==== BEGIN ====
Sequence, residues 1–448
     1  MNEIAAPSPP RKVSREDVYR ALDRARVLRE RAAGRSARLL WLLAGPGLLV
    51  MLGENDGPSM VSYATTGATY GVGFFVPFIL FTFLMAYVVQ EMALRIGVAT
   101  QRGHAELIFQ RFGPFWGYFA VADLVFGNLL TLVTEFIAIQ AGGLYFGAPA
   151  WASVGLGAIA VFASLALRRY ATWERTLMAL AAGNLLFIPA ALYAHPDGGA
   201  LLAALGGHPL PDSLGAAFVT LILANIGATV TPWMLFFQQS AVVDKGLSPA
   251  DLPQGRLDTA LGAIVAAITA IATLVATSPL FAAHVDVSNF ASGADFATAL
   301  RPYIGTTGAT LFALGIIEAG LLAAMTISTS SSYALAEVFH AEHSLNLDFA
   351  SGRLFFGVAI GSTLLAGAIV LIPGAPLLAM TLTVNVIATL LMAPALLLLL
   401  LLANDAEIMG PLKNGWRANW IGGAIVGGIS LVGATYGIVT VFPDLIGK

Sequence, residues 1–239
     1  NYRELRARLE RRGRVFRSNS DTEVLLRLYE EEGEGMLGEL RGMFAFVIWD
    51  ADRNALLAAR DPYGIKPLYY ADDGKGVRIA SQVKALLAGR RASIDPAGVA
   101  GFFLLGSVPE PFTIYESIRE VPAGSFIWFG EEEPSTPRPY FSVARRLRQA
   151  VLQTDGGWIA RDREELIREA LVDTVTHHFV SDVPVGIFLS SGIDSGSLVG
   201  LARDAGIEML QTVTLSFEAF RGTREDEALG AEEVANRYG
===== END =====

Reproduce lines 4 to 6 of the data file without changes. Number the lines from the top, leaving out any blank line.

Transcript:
   101  QRGHAELIFQ RFGPFWGYFA VADLVFGNLL TLVTEFIAIQ AGGLYFGAPA
   151  WASVGLGAIA VFASLALRRY ATWERTLMAL AAGNLLFIPA ALYAHPDGGA
   201  LLAALGGHPL PDSLGAAFVT LILANIGATV TPWMLFFQQS AVVDKGLSPA